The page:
- The House passed legislation to create a select committee to probe the January 6 insurrection.
- Speaker Pelosi proposed the committee after Senate Republicans blocked an independent commission.
- The select committee will made up of 13 members, five selected in consultation with Republicans.
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The House voted Wednesday to pass legislation to create a partisan select committee to investigate the January 6 insurrection on the US Capitol.
The House approved the legislation introduced by House Speaker Nancy Pelosi, House Resolution 503, by a vote of 222-190 with just two Republicans, Rep. Liz Cheney of Wyoming and Rep. Adam Kinzinger of Illinois, voting along with their Democratic colleagues to create the panel.
The committee will be made up of 13 members that Pelosi will select, with five selections made “in consultation” with Republican House Minority Leader Kevin McCarthy.
Pelosi’s office has also indicated that one of her eight selections could be a Republican – potentially one of the 10 who voted to impeach former President Donald Trump for inciting the insurrection, like Cheney or Kinzinger, neither of whom definitively committed to serving on the panel when asked by reporters.
Many Republicans had panned the select committee as overtly partisan and, in the case of other House Republicans who voted to impeach Trump, like Rep. John Katko of New York, expressed trepidation about whether they would serve on it. The eight other Republicans besides Cheney and Kinzinger who voted to impeach Trump ended up voting against the formation of the panel.
Pelosi announced she would move forward with a select committee after Senate Republicans filibustered bipartisan legislation that would have established an independent, 9/11-style commission to investigate the insurrection on May 28. The House previously passed legislation to create such a commission with the support of 35 Republicans.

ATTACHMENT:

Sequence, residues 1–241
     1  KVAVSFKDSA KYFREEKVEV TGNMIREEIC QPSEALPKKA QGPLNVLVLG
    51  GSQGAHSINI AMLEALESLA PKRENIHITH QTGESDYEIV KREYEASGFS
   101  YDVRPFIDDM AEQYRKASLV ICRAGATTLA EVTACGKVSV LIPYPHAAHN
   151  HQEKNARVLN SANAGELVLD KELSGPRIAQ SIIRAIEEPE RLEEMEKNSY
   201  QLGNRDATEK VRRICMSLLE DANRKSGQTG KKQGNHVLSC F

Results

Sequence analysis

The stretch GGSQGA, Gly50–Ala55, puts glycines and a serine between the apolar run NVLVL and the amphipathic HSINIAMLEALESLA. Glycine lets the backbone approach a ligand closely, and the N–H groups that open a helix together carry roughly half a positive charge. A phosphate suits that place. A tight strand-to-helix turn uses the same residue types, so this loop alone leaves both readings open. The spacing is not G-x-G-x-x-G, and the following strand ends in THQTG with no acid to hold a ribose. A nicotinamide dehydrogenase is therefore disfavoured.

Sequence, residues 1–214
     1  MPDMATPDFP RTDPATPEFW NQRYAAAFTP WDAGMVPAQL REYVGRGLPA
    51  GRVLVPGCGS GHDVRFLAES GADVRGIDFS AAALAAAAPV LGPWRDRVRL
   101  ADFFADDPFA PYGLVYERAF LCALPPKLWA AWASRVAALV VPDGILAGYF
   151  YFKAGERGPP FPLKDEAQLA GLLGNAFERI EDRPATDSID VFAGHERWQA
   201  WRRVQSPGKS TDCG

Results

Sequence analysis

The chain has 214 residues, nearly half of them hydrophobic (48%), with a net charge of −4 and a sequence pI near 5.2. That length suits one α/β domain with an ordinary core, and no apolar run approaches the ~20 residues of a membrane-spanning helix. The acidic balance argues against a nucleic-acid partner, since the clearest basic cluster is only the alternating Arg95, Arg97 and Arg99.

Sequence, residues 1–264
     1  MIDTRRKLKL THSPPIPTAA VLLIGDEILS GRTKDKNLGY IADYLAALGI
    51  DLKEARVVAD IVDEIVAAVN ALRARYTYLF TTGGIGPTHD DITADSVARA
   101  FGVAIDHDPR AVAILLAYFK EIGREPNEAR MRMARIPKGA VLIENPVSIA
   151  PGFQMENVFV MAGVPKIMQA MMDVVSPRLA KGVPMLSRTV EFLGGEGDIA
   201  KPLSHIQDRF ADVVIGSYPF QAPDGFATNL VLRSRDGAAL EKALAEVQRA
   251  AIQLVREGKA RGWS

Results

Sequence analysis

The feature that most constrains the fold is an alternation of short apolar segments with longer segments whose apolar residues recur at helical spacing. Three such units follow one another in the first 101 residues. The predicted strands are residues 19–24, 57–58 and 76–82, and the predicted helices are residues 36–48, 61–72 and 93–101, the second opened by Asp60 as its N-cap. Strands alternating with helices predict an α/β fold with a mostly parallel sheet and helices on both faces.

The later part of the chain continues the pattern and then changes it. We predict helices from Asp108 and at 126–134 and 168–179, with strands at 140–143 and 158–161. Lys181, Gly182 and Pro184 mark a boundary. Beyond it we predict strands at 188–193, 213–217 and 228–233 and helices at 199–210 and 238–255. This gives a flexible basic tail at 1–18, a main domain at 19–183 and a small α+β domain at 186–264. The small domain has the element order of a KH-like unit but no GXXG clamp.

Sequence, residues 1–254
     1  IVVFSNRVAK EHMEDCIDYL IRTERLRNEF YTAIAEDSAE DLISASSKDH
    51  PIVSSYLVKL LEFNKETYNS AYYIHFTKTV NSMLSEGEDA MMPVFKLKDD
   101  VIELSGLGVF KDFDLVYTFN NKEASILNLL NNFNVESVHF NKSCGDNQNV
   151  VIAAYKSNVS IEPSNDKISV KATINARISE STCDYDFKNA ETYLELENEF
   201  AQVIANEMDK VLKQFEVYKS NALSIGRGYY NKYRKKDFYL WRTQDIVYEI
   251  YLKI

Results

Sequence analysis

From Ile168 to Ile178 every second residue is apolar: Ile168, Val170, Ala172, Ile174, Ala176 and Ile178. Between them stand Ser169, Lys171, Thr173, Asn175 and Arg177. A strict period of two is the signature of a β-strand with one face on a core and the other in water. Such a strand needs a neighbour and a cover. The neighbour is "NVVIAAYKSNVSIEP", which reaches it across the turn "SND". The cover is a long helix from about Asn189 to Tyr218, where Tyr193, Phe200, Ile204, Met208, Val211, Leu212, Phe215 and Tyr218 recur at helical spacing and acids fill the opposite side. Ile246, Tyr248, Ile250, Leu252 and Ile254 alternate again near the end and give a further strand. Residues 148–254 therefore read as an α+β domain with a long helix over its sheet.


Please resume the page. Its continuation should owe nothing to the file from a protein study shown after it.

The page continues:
“This morning, with great solemnity and sadness, I am announcing the House will be establishing a select committee on the January 6th insurrection,” Pelosi said in her June 24 news conference. “Again, January 6 was one of the darkest days in our nation’s history…it is imperative that we establish the truth of that day and ensure an attack of that kind cannot happen, and that we can root out the causes of it all.”
The legislation to create the commission, drafted by Democratic Rep. Bennie Thompson and Katko, would have tasked 10 members, five each appointed by leaders of both parties, to produce a report on the insurrection by December 31, 2021.
A select committee made up of members of Congress is convened temporarily to investigate or study a particular matter, like the high-profile House Select Committee formed in 2014 to that investigate the attack on the US Embassy in Benghazi, Libya.
And unlike the proposal for the independent commission, the select committee will have to produce regular updates but doesn’t have a set end date to complete its work. It’s also unclear how the many existing ongoing congressional investigations into the insurrection will end up being consolidated into the select committee’s work.